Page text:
That’s a delightfully gothic cover, huh? I wasn’t quite sure what to expect with this book, but I love books that star healers, especially ones that have to make hard decisions, and this book definitely lived up to that (and the creepy cover).
The fragile peace between the kingdoms of Danu and Vesria looks ready to break, and Wren, the illegitimate niece of the Danubian queen, is the only person who’s able to stop it. After being thrown out of the guard for healing (and then losing) a prisoner, she receives a mysterious letter from a noble in Cernos, a neutral neighboring country that’s more technologically advanced than Danu and Vesria but lacking their magic. If Wren will go attempt to heal a sickness that’s infected his household, Lord Lowry will convince the Cernosian nobility to side with Danu. It sounds too good to be true, but with no other good options, she accepts. Wren can’t help healing someone in pain, even if they’re her enemy, which is how she got herself in hot water in the first place. But it’s even worse when she discovers that almost everyone else in the house is dead, except the mystery patient, who turns out to be Hal, the Reaper of Vesria, a monster who’s killed many Danubians with his magic. Healing him would be treason, but letting him die is unthinkable. Her compromise? Healing him enough to be able to kidnap him back to Danu to stand trial. But there’s more going on than just a sick patient, and soon Wren’s life – and the war between the two countries – is hanging on her skill and bravery.
“Everyone is afraid of me. But not you.”
There was a strange brew of hope and frustration in his voice.
“Do you want me to be?”
“No.” He removed his hand from hers. He spoke softly, almost achingly. “I don’t.”
Wren starts the book in love with Una, her guard commander and friend. While it seems like at least some of those feelings are returned, Una’s committed to her job and a relationship would be both a distraction and, even worse, illegal due to the chain of command. Her relationship with Hal builds slowly – after all, it’s both enemies-to-lovers and he’s near death when she first meets him, and forgiveness is the last thing on her mind. Danu has a history of retribution. One of the favorite sayings of their Goddess is “whatever is done unto you let it be repaid thrice over” and the Vesrians have similar warlike tendencies. Wren, on the other hand, is compassionate and kind, traits she’s been told make her too soft and unsuited for the Guard. While she’s tried to push them down to be useful, to not feel anything, it feels almost impossible to her. Wren’s desperate for love, and between her upbringing and training in the Abbey and the Queen’s cold reaction to her, she’s convinced the only way she’ll win any approval is to be the best healer in the Guard. She’s also willing to settle for whatever scraps of affection Una’s capable of giving her. But during her time healing Hal, she slowly realizes that maybe her emotions aren’t the handicap she thought, and that maybe all her worth doesn’t lie in how well she can heal someone.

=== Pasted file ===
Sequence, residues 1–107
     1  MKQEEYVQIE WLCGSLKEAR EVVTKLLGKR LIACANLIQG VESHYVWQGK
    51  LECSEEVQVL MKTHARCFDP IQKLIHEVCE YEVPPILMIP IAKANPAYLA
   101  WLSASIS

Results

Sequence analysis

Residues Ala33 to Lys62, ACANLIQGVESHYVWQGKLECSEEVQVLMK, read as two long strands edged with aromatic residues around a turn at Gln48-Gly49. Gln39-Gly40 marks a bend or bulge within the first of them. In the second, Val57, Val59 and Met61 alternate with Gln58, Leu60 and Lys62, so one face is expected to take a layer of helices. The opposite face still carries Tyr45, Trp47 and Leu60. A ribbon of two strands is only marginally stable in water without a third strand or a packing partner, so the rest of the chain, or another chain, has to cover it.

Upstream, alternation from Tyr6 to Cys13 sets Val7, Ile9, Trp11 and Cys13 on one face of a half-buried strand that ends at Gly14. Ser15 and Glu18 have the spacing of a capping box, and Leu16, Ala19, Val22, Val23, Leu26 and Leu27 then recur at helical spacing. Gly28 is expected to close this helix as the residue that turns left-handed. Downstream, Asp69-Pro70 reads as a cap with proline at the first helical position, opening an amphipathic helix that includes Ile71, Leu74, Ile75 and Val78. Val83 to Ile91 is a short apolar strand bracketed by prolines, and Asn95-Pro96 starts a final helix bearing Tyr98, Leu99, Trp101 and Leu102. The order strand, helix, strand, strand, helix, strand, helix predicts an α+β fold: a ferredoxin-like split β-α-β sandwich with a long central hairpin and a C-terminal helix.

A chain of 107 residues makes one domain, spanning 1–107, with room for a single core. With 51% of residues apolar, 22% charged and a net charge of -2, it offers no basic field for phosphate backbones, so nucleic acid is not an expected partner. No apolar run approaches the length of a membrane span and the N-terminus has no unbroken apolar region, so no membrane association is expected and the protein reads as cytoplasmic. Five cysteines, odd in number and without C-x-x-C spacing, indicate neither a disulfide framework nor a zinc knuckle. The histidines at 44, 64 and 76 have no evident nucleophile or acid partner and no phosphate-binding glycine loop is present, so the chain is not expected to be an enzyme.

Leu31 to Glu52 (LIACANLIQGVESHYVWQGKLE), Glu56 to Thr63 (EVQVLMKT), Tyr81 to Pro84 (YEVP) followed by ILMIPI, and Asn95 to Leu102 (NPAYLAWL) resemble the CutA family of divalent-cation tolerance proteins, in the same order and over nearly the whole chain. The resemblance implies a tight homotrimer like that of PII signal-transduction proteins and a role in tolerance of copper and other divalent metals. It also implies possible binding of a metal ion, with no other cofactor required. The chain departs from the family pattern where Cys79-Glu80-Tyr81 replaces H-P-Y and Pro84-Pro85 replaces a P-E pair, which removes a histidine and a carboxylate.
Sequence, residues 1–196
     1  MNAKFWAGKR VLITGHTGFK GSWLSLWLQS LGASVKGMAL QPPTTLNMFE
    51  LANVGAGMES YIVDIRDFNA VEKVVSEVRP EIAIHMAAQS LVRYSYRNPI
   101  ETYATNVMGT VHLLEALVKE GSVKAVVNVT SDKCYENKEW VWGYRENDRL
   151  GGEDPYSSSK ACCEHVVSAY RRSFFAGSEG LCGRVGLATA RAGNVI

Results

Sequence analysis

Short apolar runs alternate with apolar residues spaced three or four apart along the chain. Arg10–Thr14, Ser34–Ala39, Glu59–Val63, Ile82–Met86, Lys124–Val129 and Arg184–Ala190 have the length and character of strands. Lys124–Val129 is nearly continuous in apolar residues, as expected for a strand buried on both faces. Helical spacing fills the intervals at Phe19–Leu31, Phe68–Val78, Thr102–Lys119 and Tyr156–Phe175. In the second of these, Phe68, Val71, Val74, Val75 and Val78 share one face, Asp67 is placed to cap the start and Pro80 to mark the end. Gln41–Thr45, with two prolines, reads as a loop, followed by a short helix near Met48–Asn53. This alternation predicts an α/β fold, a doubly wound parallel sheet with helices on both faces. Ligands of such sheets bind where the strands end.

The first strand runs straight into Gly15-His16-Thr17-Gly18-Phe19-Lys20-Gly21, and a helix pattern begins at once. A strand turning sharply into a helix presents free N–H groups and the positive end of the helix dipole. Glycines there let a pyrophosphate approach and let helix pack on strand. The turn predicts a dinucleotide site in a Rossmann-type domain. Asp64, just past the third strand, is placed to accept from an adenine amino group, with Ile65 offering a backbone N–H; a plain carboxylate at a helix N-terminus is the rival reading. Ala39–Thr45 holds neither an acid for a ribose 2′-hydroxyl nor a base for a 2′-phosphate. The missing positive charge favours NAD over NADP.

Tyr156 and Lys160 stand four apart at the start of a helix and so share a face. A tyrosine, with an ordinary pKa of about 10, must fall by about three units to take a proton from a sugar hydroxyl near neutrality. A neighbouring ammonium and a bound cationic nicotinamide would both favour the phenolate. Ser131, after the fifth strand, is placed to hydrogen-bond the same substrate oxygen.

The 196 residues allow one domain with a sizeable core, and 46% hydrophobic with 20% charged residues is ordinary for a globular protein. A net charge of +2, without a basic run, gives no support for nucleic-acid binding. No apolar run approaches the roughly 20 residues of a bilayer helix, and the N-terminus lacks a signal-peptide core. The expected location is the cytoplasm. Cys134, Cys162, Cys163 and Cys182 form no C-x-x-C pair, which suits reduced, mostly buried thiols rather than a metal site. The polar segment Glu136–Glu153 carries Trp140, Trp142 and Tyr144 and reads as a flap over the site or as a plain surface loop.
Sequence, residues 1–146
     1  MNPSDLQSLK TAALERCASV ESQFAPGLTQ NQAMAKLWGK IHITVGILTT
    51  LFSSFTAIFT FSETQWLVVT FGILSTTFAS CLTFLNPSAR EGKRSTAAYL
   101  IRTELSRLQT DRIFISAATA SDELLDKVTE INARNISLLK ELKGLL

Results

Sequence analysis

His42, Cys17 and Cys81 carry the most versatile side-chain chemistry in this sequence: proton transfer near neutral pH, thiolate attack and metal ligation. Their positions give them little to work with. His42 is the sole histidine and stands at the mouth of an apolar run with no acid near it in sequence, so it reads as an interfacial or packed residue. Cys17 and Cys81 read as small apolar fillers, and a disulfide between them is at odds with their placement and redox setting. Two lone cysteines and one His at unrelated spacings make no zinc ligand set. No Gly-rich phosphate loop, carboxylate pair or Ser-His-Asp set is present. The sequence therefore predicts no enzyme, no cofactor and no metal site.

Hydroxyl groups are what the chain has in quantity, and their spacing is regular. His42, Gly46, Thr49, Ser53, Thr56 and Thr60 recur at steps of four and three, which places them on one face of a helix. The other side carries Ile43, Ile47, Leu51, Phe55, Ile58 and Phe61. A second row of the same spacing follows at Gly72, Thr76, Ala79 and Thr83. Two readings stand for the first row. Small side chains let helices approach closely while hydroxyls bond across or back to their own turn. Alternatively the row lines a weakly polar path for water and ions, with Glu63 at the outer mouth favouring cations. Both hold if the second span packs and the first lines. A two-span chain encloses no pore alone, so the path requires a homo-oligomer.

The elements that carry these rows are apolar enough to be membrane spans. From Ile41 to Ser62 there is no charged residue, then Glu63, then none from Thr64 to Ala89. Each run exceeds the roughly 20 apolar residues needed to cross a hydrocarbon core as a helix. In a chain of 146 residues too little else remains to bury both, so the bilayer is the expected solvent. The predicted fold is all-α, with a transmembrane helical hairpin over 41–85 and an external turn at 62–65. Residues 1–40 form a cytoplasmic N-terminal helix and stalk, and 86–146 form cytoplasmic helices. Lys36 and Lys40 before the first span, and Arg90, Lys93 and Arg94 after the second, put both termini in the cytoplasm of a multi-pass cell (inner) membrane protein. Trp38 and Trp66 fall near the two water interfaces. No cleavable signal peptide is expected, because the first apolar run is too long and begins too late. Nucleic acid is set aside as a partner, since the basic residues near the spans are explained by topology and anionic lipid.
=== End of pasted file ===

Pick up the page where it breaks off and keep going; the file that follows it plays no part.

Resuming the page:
“It gets to be quite claustrophobic. The shortening days. The wind and snow and the insufferable creak of the old foundation. It’s enough to drive anyone mad.”
Wren’s a healer first and foremost, so there’s a lot of medical terminology and some particularly squicky surgeries (the words “eyeballs” and “speculum” do not belong in the same sentence, please) which gave it a bit of a Frankenstein feel. The book did have some of that delightfully gothic feel as well. I mean, there’s even a scene with the heroine wandering around in a nightgown with a candelabra. The villain is creepily sinister, and Wren spends a chunk of time wondering, with all the weird things going around in the manor, if she’s going mad or just plain paranoid.
“What was Hal Cavendish against everything she held dear? What was guilt against the certainty of survival, of redemption? She liked him, yes. Far, far more than she should. But she could not trust her own heart; she had wrecked herself in the storms of its desires time and time again.”
As for cons, it does get a bit heavy-handed with the moralizing, and while I liked the complicated relationships between Wren and Una and Isabel, I found their actions at the end of the book a little too pat. I also had a hard time buying how quickly Wren forgave Hal for basically being a mass murderer. Yes, he was brainwashed into it, and yes, he’s changed, but I didn’t feel like he earned his redemption.
Overall, I’d give this 3.5 stars. I was captivated by the emotion and ambiance, and if this turns out to be the start of a series, I definitely want to know what happens next.
I received an advance review copy of this book from NetGalley. This does not affect my opinion of the book or the content of my review.